13. Polian explanation that is was for getting the right players on the field/defensive formation makes perfect sense IF IF IF ONLY IF that was the reason Caldwell used for his calling of HIS timeout – but Caldwell clearly said then repeated he did it for one of the dumbest reasons anyone could think of “make Jets more plays they may fumble, be intercepted, etc.” AND he already lost a game vs. Jacksonville doing the exact same thing.

    As they say, “an intelligant man learns from his mistakes, an ignorant man thinks he never made one(to correct).

  14. Not having the right defense called, as I commented the other day, is about the only valid defense for calling the timeout; I wouldn’t have done it even if that was the case, but I think you can defend the decision on those grounds. I don’t believe for a second, however, that that was the reason it was called. Given Caldwell’s obviously confused explanation post-game, it’s clear that the coach froze-up in a high pressure situation and was unable to think clearly. Simply put, the coach was not prepared for that scenario and was confused about what the appropriate decision was.

  15. We Colts fans have learned long ago to ignore Bill Polian. He lies. He lies regularly and he’s really bad at it.

  16. Did Bill “I’ve never made a mistake in my life” Polian explain the horrific clock management in the last Colts drive? Once Tamme catches the pass for a first down at the 46, there was no need to rush to the line to get a play off before the 2 minute warning. With 2 TOs there, you want to take your time. But then it got much worse. After the pass to White got them to the Jets 36, nearly in FG range, they could have let the clock run down to 1:15 before the next snap. Instead, they rushed to the line and snapped it at 1:42. At this point, they belatedly realized they needed to run clock and let it go down to 1:10 before the next play. Don’t know who gets the blame here–Caldwell or Manning, but if they had managed it right, they would have been kicking the FG with under 30 secs left or the Jets would have burned all their TOs. Of course, when you let them return the kickoff to midfield, you might lose anyway, and deservedly so.

  17. Jim Caldwell=Not qualified to be an NFL head coach.

    I was watching the game and the Colts’ real head coach, Peyton Manning, was whining about it when it happened. Manning was right. He should have overruled his underling in that situation. But it was too late — Caldwell already called the timeout.

    Caldwell’s excuse was almost as hilarious as the TO itself.

  18. Randolph32,

    He’s been a head coach for 30 NFL games. But surely he’s… you know… WATCHED football his entire life!

    Oh… and by the way he was head coach of Wake Forest for 8 years where he accumulated a… wait for it… 26-63 record. Yes, that’s a .292 winning percentage.

    The numbers don’t lie and neither does every fan in the bar (and his quarterback) calling him names when he lost ANOTHER game because of his timeout decision making.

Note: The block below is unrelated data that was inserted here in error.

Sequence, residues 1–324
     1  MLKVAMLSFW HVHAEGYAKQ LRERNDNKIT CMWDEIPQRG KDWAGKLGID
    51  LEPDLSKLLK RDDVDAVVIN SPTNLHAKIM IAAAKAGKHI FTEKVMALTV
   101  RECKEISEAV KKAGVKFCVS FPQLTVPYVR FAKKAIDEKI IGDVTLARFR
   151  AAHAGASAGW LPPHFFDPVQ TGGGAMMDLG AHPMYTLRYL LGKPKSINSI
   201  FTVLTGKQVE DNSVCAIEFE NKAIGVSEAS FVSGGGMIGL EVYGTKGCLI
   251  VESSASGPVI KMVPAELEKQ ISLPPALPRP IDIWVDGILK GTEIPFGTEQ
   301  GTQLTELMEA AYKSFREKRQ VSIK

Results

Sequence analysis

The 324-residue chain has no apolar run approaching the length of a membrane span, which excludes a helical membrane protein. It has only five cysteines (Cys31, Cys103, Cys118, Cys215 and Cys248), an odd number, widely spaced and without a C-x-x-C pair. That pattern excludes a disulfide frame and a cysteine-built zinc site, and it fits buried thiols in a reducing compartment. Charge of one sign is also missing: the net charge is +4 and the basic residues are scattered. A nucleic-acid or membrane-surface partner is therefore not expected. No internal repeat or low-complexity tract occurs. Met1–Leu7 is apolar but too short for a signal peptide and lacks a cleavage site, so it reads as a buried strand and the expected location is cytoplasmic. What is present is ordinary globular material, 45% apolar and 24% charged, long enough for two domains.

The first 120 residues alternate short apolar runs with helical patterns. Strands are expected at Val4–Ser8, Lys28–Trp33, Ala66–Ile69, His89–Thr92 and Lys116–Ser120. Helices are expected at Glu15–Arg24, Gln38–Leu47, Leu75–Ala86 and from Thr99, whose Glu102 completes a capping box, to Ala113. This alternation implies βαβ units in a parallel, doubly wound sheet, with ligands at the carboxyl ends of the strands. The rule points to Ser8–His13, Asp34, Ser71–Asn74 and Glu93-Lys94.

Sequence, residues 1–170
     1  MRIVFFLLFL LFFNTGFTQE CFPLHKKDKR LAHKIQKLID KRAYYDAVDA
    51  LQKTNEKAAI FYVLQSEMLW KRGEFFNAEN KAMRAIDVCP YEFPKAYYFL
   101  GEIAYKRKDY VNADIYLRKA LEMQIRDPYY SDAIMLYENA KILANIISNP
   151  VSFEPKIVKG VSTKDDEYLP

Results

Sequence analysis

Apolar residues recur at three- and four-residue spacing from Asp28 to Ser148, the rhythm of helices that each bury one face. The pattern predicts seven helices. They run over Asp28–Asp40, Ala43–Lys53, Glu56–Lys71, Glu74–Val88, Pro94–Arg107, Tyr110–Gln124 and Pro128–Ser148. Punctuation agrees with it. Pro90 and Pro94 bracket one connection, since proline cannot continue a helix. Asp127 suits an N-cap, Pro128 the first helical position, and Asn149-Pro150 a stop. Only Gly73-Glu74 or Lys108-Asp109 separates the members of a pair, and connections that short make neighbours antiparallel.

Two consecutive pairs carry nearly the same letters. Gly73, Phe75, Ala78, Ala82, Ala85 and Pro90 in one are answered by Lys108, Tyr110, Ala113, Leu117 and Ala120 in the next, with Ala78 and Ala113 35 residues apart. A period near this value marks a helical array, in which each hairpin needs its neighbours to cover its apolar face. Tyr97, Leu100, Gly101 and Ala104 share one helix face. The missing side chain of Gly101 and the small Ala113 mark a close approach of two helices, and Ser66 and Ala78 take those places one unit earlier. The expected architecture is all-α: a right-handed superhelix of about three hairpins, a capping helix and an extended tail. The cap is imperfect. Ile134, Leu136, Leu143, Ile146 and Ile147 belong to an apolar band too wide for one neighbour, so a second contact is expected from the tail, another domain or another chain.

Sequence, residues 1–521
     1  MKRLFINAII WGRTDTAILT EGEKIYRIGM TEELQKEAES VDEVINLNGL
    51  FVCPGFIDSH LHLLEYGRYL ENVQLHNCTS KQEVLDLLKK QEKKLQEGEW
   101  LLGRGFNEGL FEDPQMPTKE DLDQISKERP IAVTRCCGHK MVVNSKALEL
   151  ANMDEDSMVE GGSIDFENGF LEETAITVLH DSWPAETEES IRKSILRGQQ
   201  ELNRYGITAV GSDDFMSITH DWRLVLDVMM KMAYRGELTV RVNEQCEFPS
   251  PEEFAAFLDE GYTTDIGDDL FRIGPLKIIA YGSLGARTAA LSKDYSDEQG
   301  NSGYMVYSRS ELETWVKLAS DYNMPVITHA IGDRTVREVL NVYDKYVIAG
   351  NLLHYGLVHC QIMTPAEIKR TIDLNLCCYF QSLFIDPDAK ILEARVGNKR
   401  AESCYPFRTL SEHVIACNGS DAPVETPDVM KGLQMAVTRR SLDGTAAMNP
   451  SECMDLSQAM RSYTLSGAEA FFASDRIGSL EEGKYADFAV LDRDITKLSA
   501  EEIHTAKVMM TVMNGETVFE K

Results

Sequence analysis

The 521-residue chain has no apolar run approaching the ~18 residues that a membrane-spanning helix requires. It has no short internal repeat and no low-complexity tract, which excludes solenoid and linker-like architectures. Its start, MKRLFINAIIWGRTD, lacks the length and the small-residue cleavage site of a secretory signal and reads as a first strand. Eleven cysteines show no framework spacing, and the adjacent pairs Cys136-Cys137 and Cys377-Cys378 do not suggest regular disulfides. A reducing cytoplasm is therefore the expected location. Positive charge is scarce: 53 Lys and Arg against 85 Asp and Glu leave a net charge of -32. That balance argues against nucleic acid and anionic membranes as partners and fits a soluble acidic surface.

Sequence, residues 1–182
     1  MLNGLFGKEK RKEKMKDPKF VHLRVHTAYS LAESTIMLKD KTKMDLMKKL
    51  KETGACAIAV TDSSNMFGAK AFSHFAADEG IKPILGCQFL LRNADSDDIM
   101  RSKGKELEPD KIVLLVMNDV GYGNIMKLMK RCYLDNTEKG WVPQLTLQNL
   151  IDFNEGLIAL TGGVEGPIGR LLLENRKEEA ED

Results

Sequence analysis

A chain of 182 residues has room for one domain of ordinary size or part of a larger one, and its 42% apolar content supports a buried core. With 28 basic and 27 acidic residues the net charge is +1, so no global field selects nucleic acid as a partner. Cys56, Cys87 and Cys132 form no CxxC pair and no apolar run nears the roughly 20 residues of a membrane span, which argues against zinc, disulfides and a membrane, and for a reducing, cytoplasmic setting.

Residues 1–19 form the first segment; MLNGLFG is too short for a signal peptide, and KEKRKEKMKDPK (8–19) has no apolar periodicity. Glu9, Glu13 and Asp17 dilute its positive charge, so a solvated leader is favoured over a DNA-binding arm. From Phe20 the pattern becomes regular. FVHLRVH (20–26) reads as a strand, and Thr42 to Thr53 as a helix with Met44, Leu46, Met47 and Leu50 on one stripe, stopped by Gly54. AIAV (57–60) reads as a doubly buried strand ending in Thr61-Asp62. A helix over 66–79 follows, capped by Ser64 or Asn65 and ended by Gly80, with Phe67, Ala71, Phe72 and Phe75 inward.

It wouldn’t be such an uproar except he did the EXACT same thing just a month ago! If your head coach can’t learn from his mistakes well, I don’t know I’ve never heard of an NFL head coach losing two games the exact same way in the same season and keeping his job.

  19. This indicates to me that the Colts were unprepared. I think the kick return to the 46 caught the coaching staff completely off guard. What gets me is that they had time to regroup because the next play had to go to review.

    Belichick had one of these moments last year when he went for it on 4 and 2 against these same Colts. With 2:08 left and leading 34-28, BB calls a timeout on 4 and 2. If I remember, he did so because the play clock was going to expire. Obviously, the better thing to do would have been to let the two minute warning occur and then run your next play. I understand taking the timeout, but if they were better prepared and had decided to go for it on 4 and 2 at the beginning of the drive, I don’t see how that mistake happens.

    I supported going for it but it seemed to me that BB didn’t decide to go for it until it actually was 4 and 2. A suprising lack of planning on his part and it made the play far less likely to succeed. Isn’t that a decision you make before the offensive series begins, so you can at least attempt to set up for that possible scenario? So even the best of coaches get a little overwhelmed.

  20. Caldwell looks over his head and lost on the sideline. Everytime they show him he’s all alone staring out onto the field with that blank look on his face.

  21. thingamajig – I’ve been saying the same thing since last year’s Super Bowl. Not sure I’d call it blank, but definitely “in over his head”, “worried”, maybe even “befuddled”, though.

  22. You know the look of extreme bewilderment Caldwell usually has on his face during games? Thats not an act. I’d bet money that his headset isn’t even plugged in.
    Manning runs this team, and now he’ll be the one calling the timeouts too!

Leave a Reply

You must be logged in to leave a comment. Not a member? Register now!